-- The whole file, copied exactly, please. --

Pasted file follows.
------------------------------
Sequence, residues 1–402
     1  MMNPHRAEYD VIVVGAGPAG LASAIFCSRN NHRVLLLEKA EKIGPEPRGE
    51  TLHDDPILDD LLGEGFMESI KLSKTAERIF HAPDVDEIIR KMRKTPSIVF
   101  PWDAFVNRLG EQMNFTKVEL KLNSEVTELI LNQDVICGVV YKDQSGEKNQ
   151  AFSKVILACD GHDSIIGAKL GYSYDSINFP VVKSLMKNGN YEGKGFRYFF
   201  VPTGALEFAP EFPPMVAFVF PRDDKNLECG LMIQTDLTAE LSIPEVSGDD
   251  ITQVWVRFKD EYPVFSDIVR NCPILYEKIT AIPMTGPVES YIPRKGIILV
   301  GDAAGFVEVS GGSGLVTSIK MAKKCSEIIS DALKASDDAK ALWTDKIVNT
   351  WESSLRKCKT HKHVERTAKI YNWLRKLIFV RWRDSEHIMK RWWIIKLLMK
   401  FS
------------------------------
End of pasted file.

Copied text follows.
Sequence, residues 1–402
     1  MMNPHRAEYD VIVVGAGPAG LASAIFCSRN NHRVLLLEKA EKIGPEPRGE
    51  TLHDDPILDD LLGEGFMESI KLSKTAERIF HAPDVDEIIR KMRKTPSIVF
   101  PWDAFVNRLG EQMNFTKVEL KLNSEVTELI LNQDVICGVV YKDQSGEKNQ
   151  AFSKVILACD GHDSIIGAKL GYSYDSINFP VVKSLMKNGN YEGKGFRYFF
   201  VPTGALEFAP EFPPMVAFVF PRDDKNLECG LMIQTDLTAE LSIPEVSGDD
   251  ITQVWVRFKD EYPVFSDIVR NCPILYEKIT AIPMTGPVES YIPRKGIILV
   301  GDAAGFVEVS GGSGLVTSIK MAKKCSEIIS DALKASDDAK ALWTDKIVNT
   351  WESSLRKCKT HKHVERTAKI YNWLRKLIFV RWRDSEHIMK RWWIIKLLMK
   401  FS